Looking beyond the COVID-19 pandemic, Venture Capital investments into many areas of the healthcare universe are likely to stay buoyant given the need to revamp many facets of the healthcare system and the opportunities for new technologies to be utilized or leveraged in this context (Healthcare is one of our long-term key investment themes). AI and robotics also seem likely to become core Venture Capital investment themes.


The shape of the Venture Capital industry may also change. Corporate Venture Capital investment also continues to gain steam with established companies on the lookout for innovative start-ups able to help them expanding their digital portfolio and improve the efficiency of their operations.


We may also see changes in the final stage of Venture Capital investing – when investors realize their gains by bringing companies to public markets.


SPACs (Special Purpose Acquisition Companies) have been increasingly evident in recent quarters, and represent an alternative to the traditional initial public offering (IPO) way for a firm of exiting private ownership and “going public”. (Investors commit money to the SPAC on a “blank cheque” basis and then the SPAC itself goes public, rather than the firm it eventually purchases). There are a number of legitimate concerns with the SPAC approach, for example around whether it will encourage firms to go public before they have achieved the necessary maturity. The performance of announced SPAC mergers over the next few quarters may determine whether they turn out to be a longer-term trend or not.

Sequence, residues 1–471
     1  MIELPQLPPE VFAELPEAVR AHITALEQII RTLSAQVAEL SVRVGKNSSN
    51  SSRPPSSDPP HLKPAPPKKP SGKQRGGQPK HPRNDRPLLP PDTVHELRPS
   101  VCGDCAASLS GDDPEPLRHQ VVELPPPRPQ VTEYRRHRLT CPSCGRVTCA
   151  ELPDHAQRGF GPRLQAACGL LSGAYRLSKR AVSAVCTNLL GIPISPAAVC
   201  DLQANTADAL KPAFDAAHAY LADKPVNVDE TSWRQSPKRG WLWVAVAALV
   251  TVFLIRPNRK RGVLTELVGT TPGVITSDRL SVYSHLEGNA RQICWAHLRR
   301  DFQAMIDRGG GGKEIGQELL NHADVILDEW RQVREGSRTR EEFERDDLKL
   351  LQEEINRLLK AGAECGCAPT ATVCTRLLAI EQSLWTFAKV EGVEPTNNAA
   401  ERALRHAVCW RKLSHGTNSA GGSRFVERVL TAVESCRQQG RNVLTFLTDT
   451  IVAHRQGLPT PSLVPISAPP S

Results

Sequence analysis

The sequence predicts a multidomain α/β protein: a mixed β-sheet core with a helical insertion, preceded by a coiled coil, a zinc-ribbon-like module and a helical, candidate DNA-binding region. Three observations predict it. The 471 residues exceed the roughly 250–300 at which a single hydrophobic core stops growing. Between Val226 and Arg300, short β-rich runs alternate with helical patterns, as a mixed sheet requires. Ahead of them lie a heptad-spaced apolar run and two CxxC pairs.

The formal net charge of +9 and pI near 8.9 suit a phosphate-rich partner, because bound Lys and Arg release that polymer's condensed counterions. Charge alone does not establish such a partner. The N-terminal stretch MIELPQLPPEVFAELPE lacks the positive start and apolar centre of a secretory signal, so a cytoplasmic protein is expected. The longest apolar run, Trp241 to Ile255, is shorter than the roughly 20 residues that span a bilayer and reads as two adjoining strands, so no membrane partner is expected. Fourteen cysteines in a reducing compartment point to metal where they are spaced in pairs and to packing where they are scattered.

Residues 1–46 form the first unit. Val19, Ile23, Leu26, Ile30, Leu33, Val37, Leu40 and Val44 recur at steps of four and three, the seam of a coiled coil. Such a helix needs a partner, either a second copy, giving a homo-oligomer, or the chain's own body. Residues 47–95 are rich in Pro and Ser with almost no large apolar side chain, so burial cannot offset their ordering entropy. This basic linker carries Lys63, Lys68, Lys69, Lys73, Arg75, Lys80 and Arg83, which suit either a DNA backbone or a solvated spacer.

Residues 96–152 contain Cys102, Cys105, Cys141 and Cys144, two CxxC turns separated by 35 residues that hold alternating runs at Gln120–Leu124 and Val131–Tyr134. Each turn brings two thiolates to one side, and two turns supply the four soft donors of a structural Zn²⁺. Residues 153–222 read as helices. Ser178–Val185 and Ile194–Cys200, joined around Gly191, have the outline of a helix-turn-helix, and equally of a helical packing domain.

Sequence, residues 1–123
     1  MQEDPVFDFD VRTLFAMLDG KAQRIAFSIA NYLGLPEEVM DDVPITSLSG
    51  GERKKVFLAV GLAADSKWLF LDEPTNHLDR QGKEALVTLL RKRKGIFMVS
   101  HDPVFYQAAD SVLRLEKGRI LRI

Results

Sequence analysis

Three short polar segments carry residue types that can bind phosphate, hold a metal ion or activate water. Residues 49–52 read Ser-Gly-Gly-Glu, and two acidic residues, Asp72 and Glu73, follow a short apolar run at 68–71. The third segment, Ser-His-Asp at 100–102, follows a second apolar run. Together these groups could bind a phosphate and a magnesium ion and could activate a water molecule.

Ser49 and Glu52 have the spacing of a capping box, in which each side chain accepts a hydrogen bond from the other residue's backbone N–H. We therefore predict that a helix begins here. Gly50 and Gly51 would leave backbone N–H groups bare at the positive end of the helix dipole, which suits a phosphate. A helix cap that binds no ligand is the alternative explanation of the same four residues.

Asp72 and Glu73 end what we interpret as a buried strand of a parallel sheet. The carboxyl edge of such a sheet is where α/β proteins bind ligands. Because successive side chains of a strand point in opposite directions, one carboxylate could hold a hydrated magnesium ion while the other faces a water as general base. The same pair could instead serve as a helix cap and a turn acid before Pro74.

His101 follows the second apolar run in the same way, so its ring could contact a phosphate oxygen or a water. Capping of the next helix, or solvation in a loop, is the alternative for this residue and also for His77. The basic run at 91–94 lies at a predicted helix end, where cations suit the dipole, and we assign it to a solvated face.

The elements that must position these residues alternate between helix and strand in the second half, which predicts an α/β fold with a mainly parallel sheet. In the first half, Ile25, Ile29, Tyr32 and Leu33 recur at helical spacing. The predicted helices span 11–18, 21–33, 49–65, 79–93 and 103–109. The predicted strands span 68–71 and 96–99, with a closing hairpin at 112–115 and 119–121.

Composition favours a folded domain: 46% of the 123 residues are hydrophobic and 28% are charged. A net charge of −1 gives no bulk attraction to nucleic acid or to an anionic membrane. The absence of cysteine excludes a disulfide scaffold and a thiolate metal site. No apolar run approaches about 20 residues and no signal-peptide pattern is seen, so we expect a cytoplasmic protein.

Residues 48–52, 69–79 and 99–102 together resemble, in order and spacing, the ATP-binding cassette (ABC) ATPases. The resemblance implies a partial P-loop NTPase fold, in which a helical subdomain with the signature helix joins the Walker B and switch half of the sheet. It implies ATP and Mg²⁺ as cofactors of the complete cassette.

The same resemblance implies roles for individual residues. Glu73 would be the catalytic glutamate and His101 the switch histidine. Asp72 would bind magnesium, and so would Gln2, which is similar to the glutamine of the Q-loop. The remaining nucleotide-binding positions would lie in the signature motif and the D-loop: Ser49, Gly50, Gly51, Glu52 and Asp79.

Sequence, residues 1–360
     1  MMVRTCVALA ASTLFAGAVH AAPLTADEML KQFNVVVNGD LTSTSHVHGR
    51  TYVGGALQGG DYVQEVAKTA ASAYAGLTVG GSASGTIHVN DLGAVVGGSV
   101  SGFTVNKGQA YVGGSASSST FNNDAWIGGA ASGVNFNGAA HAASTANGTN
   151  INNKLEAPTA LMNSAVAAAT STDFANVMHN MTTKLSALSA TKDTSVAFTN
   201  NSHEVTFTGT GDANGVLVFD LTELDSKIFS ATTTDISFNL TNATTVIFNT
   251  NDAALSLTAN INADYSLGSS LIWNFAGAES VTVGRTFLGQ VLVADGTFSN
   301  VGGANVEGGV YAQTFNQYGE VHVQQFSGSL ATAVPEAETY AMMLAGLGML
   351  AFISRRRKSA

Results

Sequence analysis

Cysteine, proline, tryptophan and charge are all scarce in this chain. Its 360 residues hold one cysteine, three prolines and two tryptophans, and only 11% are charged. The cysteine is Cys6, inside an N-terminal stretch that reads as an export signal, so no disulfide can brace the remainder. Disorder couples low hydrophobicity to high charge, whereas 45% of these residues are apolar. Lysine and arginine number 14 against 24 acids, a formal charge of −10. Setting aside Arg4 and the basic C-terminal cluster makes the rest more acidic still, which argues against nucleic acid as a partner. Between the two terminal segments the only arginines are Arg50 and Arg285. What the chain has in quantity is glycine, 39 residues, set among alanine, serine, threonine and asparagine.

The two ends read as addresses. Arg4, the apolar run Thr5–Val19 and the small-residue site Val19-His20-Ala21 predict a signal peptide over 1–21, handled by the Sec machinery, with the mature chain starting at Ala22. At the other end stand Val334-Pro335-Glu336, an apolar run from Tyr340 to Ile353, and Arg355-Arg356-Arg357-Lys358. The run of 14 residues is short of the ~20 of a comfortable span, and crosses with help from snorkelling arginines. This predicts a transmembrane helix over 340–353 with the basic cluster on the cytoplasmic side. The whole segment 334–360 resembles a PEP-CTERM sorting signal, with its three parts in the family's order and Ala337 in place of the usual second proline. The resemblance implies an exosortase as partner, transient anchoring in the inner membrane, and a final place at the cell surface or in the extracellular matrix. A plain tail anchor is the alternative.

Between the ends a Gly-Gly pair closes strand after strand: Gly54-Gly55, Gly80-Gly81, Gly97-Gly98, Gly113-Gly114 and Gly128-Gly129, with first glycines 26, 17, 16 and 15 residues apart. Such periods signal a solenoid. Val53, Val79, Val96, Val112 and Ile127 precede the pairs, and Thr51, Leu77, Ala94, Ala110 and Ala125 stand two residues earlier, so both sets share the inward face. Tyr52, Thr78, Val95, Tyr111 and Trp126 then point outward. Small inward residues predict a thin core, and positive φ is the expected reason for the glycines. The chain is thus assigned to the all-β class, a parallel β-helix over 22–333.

IMARC (a leading market research company) forecasts global Venture Capital investment to grow at a CAGR of around 16% over 2021-2026: if achieved, this would represent even faster growth than over the last five years. 

For a brief summary of the report and to download the full PDF, please click here.